Adaptive Cognitive Control in Schizophrenia: Neural Correlates of Error- and Conflict- Processing Beyond the Anterior Cingulate Cortex

Date of Award

Winter 12-15-2012

Author's School

Graduate School of Arts and Sciences

Author's Department

Biology & Biomedical Sciences (Neurosciences)

Degree Name

Doctor of Philosophy (PhD)

Degree Type



Schizophrenia (SCZ) is one of the most debilitating neuropsychiatric disorders. Cognitive dysfunction has been identified as a core feature of this illness. This dissertation presents an integrative approach to examine the neural and behavioral correlates of adaptive cognitive control in healthy controls and individuals with SCZ. We first examined functional dissociations between error- and conflict- processing in an extended cingulo-opercular and cerebellar network previously shown to demonstrate robust error-related activity. Our results evidenced functional subregions within the dorsal anterior cingulate cortex; with portions responding to error situated more ventrally and anteriorly compared to more dorsal/posterior regions responding also to conflict. This dorsal/ventral distinction is to some extent present in other brain regions, including the parietal lobe and cerebellum. The brain activation patterns for error compared to conflict suggest that multiple mechanisms of control are engaged in the detection of increasing cognitive demands and adjust behavioral responses accordingly. Second, we examined group differences in behavioral performance and brain activation related to error- and conflict- processing at a network level between individuals with SCZ and healthy controls. Further, we examined the relationship between the different components of this extended cingulo-opercular and cerebellar network in terms of their timing relationship to one another (i.e. functional connectivity). Our results indicate that error- and conflict-processing are surprisingly intact in individuals with SCZ. However, the integration of key cognitive control regions, including the anterior prefrontal cortex, inferior parietal lobule, thalamus and cerebellum is affected in individuals with SCZ. Our findings provide further evidence in support neurobiological theories of SCZ that explain its behavioral manifestations as a functional dysconnection syndrome.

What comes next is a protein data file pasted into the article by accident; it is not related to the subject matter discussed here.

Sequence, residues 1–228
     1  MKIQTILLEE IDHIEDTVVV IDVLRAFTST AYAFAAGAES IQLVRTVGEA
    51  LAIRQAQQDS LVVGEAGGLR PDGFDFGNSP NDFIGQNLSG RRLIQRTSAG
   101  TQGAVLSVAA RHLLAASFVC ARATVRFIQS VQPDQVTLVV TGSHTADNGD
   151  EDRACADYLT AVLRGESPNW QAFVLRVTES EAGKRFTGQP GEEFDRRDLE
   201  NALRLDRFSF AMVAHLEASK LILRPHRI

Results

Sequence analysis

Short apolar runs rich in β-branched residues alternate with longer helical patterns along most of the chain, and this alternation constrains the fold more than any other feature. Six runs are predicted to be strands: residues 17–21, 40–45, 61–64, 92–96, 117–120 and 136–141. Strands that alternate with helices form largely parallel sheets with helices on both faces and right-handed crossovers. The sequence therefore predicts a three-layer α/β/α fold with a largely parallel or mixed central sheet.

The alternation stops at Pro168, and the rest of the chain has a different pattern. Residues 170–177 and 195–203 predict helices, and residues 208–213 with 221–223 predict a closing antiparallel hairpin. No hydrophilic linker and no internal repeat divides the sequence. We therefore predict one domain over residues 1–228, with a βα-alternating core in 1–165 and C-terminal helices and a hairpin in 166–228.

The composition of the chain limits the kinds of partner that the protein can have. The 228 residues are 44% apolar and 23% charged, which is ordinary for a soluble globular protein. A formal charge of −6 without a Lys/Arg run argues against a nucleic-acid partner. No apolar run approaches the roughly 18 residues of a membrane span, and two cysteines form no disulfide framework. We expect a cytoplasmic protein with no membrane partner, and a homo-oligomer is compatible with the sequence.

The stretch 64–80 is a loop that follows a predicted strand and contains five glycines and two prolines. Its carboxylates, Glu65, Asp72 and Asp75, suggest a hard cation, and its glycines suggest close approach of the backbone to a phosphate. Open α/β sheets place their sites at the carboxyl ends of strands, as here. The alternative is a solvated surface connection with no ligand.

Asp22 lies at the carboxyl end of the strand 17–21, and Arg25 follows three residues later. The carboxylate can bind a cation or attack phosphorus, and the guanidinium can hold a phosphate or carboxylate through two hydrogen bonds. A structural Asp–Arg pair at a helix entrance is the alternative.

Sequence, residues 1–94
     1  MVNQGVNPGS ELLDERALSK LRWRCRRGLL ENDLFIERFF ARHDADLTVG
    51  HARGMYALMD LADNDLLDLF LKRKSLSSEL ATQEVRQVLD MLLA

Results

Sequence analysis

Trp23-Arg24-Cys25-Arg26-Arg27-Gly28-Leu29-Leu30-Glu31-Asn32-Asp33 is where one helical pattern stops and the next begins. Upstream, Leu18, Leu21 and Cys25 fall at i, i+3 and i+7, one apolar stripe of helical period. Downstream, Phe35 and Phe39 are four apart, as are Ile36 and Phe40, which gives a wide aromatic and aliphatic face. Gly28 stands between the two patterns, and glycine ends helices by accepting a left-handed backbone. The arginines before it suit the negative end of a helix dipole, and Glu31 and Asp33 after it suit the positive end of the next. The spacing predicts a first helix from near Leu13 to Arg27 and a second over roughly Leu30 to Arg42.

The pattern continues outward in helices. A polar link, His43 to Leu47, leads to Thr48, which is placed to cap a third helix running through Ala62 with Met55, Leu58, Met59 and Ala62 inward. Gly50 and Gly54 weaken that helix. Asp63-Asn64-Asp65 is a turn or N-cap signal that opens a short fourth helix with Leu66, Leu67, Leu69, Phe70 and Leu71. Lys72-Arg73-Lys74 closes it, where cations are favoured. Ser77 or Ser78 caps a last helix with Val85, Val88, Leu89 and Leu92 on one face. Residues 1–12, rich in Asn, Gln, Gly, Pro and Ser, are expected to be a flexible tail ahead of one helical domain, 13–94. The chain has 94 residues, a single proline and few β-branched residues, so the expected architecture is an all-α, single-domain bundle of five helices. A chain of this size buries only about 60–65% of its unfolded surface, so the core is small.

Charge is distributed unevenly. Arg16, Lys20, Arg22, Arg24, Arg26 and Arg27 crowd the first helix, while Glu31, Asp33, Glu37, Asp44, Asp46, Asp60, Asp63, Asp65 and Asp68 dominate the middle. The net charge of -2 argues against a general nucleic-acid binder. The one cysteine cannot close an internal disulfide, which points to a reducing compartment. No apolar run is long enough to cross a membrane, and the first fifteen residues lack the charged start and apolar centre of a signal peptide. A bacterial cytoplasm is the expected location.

English (en)

Chair and Committee

Deanna M Barch

Committee Members

Todd S Braver, Denise Head, Tamara Hershey, Jose Mathews, Steven E Petersen


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